Science Center prepares for Endeavour

NASA’s space shuttle Endeavour is scheduled to end its 20-year-long career of space exploration when it lands Friday at Los Angeles International Airport. Riding across the country piggyback on a specialized 747 jet, Endeavour is scheduled to fly over the Getty Center, Disneyland and Exposition Park on Friday morning en route to LAX. From there it will be transported to the California Science Center at Exposition Park — just blocks from USC — where students will be able to see it displayed in its permanent home at the museum beginning in October.

Homeward bound · Endeavour flew attached to a Boeing 747 for its final flight across the U.S., first to a pit stop in Houston (pictured above) and then its final destination in Los Angeles. – Photo courtesy of NASA

Endeavour’s arrival is the talk of aerospace engineering professors at USC’s Viterbi School of Engineering, who welcome this new addition to the California Science Center with high hopes for its reception by students and the greater L.A. community.

“This is a fantastic development for Los Angeles and America in general,” said Mike Gruntman, a professor of astronautics at Viterbi. “If [students] are curious enough, they should go see Endeavour, a unique achievement in American space industry.”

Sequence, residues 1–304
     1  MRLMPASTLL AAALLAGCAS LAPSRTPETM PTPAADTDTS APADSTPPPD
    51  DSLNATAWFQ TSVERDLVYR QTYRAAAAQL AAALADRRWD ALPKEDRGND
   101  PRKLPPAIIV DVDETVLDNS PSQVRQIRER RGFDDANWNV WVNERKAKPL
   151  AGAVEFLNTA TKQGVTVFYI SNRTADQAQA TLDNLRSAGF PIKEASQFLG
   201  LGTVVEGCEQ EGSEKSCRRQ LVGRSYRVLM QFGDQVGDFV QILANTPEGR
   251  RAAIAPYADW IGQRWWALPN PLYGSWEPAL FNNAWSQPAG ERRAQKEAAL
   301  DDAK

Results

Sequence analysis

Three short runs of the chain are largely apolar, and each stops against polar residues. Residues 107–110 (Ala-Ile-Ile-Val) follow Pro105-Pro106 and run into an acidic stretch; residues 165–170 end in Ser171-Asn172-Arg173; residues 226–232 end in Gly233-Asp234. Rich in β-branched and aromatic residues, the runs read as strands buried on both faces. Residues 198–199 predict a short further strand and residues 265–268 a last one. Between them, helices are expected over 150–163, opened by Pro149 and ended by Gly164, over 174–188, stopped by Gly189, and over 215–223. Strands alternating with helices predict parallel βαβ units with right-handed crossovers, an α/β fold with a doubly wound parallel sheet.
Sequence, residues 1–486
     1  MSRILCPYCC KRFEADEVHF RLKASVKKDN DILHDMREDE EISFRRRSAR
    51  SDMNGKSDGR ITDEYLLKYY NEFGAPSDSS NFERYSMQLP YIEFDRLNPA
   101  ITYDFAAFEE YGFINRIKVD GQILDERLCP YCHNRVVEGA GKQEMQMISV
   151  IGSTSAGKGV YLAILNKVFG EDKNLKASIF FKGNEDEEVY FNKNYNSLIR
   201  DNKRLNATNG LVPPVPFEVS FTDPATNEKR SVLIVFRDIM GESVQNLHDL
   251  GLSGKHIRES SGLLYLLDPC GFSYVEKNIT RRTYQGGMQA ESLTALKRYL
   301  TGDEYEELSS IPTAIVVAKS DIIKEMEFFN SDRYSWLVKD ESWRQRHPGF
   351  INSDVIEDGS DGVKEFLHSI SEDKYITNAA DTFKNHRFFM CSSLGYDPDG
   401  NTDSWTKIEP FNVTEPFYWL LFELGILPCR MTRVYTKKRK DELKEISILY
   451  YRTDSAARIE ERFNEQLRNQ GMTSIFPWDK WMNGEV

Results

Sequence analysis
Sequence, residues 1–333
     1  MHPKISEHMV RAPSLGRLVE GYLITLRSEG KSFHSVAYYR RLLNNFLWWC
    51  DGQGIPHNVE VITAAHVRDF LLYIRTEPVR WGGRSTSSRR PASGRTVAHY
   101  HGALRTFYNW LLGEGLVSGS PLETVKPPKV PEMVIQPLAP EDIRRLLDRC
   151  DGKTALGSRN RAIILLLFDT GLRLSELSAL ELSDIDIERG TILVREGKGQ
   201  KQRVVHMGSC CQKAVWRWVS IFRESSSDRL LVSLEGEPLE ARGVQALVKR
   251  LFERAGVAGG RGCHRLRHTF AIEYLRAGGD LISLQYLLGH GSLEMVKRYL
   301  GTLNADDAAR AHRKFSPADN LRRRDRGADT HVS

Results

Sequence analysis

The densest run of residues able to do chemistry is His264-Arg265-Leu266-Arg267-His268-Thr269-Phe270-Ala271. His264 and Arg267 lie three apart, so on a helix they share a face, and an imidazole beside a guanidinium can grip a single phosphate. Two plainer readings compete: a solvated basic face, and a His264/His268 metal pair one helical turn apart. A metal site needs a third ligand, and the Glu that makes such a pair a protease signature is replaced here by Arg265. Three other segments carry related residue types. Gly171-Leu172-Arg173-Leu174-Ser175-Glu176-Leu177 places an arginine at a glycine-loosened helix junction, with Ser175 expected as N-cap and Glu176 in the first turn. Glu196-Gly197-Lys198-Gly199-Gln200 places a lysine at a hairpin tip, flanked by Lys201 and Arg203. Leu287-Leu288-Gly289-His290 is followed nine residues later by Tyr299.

Gruntman is confident that interested students will be able to volunteer or work at the Science Center as docents for the exhibit.

Gruntman and his colleague, aerospace and mechanical engineering Professor Steven Nutt, encouraged students of all majors to visit the space shuttle on display after the Oct. 30 opening of the Samuel Oschin Space Shuttle Display Pavilion exhibit, a project 20 years in the making.

“The curator and concept design team, along with our president, Jeffrey Rudolph, were putting together a plan for the museum back in 1992,” said spokeswoman Shell Amega at the Science Center. “In that plan they had envisioned one day displaying a flown space shuttle in the launch position. Just by coincidence, 1992 was the year Endeavour launched on its first mission.”

The $2 billion Endeavour was originally built to replace the ill-fated Challenger space shuttle, which crashed and killed seven astronauts in 1986. Since then, Endeavour has completed 25 missions, ranging from repairing the Hubble Telescope in 1993 to building the $100 billion International Space Station orbiting 250 miles above Earth. The shuttle is unique from other NASA shuttles in that it is reusable and all of its missions were manned.

“It’s a hybrid vehicle that takes off like a rocket but lands like an airplane,” Nutt said.

Students are also excited about the arrival of a space shuttle so close to campus.

“It’s one of the few things that have been in space that won’t be in a thousand pieces when it comes back,” said Trey Sorrells, a freshman majoring in aerospace engineering. “It’s incredible. A man has actually been inside — in space.”